It might have flown under the radar compared to previous years, but even in the throes of the COVID-19 pandemic, the Law Enforcement Torch Run for Special Olympics New Jersey did happen in 2020, keeping alive a streak that dates back to 1984.

While in-person Special Olympics competition is returning this year, it will not be headquartered at The College of New Jersey, meaning there will be no opening ceremony Friday night.

In turn, that means the run is also not going to culminate at TCNJ, but rather will be a point-to-point event connecting its dozens of different routes.

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Still, Chief Robert Belfiore, LETR director and retired Deputy Chief of the Port Authority of NY/NJ, expects the Torch Run to play its part in the nearly $4 million raised annually by New Jersey law enforcement for the Special Olympics.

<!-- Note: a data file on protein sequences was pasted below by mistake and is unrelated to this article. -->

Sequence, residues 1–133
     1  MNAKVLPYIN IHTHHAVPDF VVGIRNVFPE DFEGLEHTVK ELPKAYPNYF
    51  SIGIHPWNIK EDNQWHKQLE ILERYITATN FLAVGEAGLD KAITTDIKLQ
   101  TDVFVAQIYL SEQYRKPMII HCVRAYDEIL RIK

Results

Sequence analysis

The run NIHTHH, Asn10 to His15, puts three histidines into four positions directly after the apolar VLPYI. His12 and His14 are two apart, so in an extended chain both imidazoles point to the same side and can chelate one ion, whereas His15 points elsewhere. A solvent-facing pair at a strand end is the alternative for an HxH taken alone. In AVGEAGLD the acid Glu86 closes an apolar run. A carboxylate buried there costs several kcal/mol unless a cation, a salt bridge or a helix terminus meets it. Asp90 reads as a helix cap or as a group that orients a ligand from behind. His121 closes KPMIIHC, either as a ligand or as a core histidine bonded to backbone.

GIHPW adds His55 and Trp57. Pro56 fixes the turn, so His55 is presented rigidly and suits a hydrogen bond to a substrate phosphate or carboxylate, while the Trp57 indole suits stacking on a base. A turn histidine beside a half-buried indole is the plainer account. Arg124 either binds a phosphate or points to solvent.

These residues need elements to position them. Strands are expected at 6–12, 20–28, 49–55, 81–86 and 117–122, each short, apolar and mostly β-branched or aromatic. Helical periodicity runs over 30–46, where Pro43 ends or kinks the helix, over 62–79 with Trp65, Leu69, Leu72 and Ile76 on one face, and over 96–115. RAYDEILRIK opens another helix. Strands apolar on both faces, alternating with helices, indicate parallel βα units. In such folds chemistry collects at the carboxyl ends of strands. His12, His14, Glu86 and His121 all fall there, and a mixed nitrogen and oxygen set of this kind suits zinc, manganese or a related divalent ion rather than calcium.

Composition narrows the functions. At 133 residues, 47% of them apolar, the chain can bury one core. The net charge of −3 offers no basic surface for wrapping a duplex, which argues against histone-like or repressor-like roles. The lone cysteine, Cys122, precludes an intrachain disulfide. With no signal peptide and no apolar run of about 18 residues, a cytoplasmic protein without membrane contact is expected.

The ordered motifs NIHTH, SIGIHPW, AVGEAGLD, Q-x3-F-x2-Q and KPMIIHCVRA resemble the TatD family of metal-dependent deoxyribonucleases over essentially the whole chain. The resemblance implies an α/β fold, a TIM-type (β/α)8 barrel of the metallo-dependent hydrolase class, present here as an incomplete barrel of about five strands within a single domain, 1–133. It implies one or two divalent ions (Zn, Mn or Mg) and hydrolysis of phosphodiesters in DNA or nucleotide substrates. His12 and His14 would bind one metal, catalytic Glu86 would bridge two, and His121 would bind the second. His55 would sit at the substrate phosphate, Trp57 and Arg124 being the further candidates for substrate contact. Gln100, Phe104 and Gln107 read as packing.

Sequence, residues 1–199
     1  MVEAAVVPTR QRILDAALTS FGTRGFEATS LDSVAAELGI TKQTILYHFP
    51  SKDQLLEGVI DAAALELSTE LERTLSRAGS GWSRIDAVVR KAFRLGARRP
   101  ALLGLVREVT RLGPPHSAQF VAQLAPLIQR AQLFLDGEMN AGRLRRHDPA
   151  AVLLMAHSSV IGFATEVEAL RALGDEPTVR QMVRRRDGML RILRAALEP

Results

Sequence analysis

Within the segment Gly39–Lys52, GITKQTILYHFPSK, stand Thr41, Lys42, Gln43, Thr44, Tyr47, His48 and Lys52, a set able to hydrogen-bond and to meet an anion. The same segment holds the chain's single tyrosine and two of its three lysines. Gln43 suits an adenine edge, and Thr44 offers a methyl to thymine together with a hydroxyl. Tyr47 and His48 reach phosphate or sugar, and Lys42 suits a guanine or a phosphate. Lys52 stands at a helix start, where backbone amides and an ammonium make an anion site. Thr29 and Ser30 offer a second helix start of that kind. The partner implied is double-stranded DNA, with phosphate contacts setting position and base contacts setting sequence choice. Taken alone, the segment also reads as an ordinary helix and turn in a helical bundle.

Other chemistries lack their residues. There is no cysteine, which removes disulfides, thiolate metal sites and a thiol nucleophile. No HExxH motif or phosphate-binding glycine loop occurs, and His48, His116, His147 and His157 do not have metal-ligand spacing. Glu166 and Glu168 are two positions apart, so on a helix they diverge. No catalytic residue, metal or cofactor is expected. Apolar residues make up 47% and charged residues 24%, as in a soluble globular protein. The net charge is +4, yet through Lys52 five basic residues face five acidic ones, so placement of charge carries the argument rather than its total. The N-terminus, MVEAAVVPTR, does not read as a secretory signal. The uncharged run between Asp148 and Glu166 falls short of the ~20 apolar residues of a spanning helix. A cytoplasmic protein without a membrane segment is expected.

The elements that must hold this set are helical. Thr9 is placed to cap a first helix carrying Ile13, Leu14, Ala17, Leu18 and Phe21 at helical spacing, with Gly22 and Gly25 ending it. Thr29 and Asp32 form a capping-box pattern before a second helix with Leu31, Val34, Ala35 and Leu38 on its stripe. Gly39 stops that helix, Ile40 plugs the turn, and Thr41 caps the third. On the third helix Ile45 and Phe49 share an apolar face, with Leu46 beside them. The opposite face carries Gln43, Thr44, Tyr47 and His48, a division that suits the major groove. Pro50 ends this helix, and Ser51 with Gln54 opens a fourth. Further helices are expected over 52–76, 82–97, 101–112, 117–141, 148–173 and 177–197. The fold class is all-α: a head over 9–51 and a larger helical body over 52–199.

"We raise enough money so every athlete can participate free of charge," Belfiore said. “No family member has to put any money into what our athletes do."

Not every state can say that, according to Belfiore.

And to illustrate that point, Belfiore said New Jersey was the only state to proceed with its Torch Run at any point last year.

Things are almost back to normal for 2021, with the various routes covering 750 miles in total and involving more than 3,000 officers.

But organizers and participants will be missing that final moment of celebration, surrounded by the athletes and thousands of spectators.

"It stops and it's over. There's no coming down to the college, there's no opening ceremonies, there's no police officers high-fiving athletes. That's all out this year,” Belfiore said.

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Patrick Lavery is New Jersey 101.5's afternoon news anchor. Follow him on Twitter @plavery1015 or email

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